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utulsa.edu

TU Law remembers Professor G. William Rice (1951–2016)

This message is written on behalf of Dean Lyn Entzeroth:

RiceIt is with deep sadness that we announce that Professor G. William “Bill” Rice passed away Sunday, February 14, after an extraordinary career in practice and as an academic focusing on issues and rights of American Indians and indigenous people around the world. Rice, a member of the United Keetoowah Band of Cherokee Indians in Oklahoma, served as attorney general for the Sac and Fox Nation, chief justice for the Citizen Potawatomi Nation, assistant chief and chief judge for the United Keetoowah Band of Cherokee Indians in Oklahoma and associate justice for the Kickapoo Nation of Indians in Kansas. He was a tireless advocate for Indian tribes and Indian peoples, successfully arguing on behalf of the Sac and Fox Nation in the United States Supreme Court in Oklahoma Tax Commission v. Sac and Fox Nation, 508 U.S. 114 (1993). He played an active role in the United Nations Working Group on the Rights of Indigenous Peoples, which led to the UN General Assembly’s Declaration on the Rights of Indigenous Peoples. When he began this work, Rice would frequently say “indigenous people – that’s ME!” with a twinkle in his eye. Clearly, his impact reaches from central Oklahoma to Geneva, Switzerland, and his passing is a great loss to many.

Rice joined The University of Tulsa College of Law in 1995 teaching constitutional law, jurisprudence, international indigenous law, Native American and indigenous rights, tribal government and tribal gaming law. He treated his students with great compassion and kindness while challenging them to achieve at the highest levels. In addition to TU Law, Rice taught at Cornell Law School, University of North Dakota School of Law, University of Oklahoma, University of New Mexico and Antioch School of Law’s Indian Paralegal program.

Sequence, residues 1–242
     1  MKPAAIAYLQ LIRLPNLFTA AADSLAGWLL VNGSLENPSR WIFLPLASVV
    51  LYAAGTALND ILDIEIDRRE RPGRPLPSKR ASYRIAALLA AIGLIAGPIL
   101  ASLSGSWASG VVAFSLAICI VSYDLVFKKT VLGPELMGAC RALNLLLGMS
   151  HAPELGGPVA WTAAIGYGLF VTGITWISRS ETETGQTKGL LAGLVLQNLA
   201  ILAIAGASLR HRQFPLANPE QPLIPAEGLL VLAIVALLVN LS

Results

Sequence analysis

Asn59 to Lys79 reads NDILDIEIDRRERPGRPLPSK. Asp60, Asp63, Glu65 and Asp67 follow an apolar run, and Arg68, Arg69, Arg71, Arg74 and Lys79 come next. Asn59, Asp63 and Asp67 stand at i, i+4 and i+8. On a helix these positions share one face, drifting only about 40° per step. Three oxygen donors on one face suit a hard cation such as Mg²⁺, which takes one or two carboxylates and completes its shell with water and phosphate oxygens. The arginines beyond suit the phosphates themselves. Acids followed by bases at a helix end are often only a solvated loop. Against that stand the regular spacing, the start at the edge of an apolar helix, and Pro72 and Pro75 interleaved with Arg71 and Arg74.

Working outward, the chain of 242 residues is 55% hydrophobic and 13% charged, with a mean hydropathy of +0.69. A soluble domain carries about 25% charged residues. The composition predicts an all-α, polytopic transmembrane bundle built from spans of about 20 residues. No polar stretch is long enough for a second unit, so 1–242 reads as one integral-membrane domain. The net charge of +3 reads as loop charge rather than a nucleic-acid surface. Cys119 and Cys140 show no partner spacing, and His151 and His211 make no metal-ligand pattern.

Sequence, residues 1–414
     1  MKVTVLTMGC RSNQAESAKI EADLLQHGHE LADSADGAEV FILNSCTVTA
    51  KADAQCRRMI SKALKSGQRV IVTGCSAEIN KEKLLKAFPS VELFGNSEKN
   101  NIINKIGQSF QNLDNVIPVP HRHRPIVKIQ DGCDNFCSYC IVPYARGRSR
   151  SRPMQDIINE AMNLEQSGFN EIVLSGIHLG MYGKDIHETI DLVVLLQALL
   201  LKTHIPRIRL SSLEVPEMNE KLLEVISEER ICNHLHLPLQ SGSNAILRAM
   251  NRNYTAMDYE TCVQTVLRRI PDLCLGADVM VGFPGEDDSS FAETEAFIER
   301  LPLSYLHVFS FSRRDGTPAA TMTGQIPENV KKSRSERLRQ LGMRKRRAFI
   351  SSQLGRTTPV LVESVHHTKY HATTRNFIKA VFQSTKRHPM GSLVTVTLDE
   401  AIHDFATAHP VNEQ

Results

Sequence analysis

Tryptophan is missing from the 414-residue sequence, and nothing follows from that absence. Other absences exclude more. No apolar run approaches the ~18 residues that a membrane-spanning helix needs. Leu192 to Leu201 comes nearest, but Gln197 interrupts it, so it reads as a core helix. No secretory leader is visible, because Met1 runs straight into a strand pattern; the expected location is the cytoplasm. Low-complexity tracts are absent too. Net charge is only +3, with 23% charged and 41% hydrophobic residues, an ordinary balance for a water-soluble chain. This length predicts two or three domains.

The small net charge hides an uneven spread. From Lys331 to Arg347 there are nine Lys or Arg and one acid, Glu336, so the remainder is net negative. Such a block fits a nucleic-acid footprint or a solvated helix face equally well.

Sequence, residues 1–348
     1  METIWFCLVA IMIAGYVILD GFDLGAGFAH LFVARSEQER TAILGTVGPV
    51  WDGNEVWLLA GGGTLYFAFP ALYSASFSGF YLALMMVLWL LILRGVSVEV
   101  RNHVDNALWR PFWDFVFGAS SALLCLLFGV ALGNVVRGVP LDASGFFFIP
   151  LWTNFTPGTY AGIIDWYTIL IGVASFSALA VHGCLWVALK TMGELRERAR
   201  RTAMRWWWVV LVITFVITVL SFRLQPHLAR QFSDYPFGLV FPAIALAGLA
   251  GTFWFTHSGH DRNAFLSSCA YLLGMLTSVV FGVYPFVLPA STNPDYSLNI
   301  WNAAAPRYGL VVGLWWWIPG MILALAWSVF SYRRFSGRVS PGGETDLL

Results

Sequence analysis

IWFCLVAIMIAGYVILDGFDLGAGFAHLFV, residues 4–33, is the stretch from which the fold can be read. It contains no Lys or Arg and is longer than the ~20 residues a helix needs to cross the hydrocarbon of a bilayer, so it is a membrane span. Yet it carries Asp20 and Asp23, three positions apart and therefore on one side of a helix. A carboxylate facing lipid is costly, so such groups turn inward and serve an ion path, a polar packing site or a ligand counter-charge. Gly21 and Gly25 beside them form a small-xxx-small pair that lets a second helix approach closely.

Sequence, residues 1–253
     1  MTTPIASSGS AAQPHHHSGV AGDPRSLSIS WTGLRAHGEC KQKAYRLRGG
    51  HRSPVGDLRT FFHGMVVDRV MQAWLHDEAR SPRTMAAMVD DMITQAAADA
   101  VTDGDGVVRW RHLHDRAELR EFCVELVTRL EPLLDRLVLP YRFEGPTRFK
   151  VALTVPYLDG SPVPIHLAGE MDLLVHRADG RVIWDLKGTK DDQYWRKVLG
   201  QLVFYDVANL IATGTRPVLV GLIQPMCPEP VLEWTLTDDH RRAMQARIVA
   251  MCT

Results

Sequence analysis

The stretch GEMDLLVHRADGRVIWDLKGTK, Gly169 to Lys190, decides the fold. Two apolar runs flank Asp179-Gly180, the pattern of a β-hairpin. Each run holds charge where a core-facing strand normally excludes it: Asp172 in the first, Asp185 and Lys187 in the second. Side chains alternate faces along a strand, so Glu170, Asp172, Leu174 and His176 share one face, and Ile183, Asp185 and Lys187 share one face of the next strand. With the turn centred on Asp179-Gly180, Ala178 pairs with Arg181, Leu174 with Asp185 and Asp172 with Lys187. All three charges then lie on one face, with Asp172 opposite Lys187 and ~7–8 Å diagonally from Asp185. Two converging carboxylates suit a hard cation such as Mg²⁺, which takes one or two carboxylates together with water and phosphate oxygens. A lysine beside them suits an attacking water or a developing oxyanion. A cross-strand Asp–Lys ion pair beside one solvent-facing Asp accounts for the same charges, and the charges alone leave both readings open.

Rice’s book Tribal Governmental Gaming Law (Carolina Academic Press, 2006) is the first law school casebook for use in Indian gaming law classes. He contributed to the two latest revisions of Felix Cohen’s classic Indian law treatise, the Handbook of Federal Indian Law, and wrote extensively in the field of Indian law. Regularly called upon to speak at scholarly and governmental meetings, his speaking engagements included presentations to the United Nations Workshop on Indigenous Children and Youth, University of Paris VII – Denis Diderot, The Federal Bar Association’s Indian Law Conference, the Oklahoma Supreme Court’s Sovereignty Symposium and numerous appearances at functions sponsored by government agencies, major university law schools and Indian tribes.

Rice’s great passions were the implementation of the UN Declaration on the Rights of Indigenous Peoples and the revitalization of the legal and political systems of Indian tribes. He was the founding director of the LLM degree in American Indian and Indigenous Law and the Master of Jurisprudence in Indian Law and served as co-director of the Native American Law Center at TU Law.

Rice was a teacher and mentor to generations of Indian lawyers. He had enormous influence on the field of Indian law. John LaVelle, his colleague from the University of New Mexico, best expressed what Rice meant to those who knew him: “Bill was a champion for Indian people in heart, mind and soul. I am honored to have known and worked with him.”

Rice is survived by his wife, Annette, his children, grandchildren and extended family. He will be greatly missed by the entire TU family.

Funeral services were held Wednesday, February 17, at 10:00 AM at Sac and Fox Chapel in Stroud, Oklahoma.  For more information, please visit palmarlerfh.com.


NNALSA announces the G. William Rice Best Oralist Award

The National Native American Law Students Association (NNALSA) names the highest honor received at NNALSA’s annual moot court competition after Professor G. William Rice.
Read press release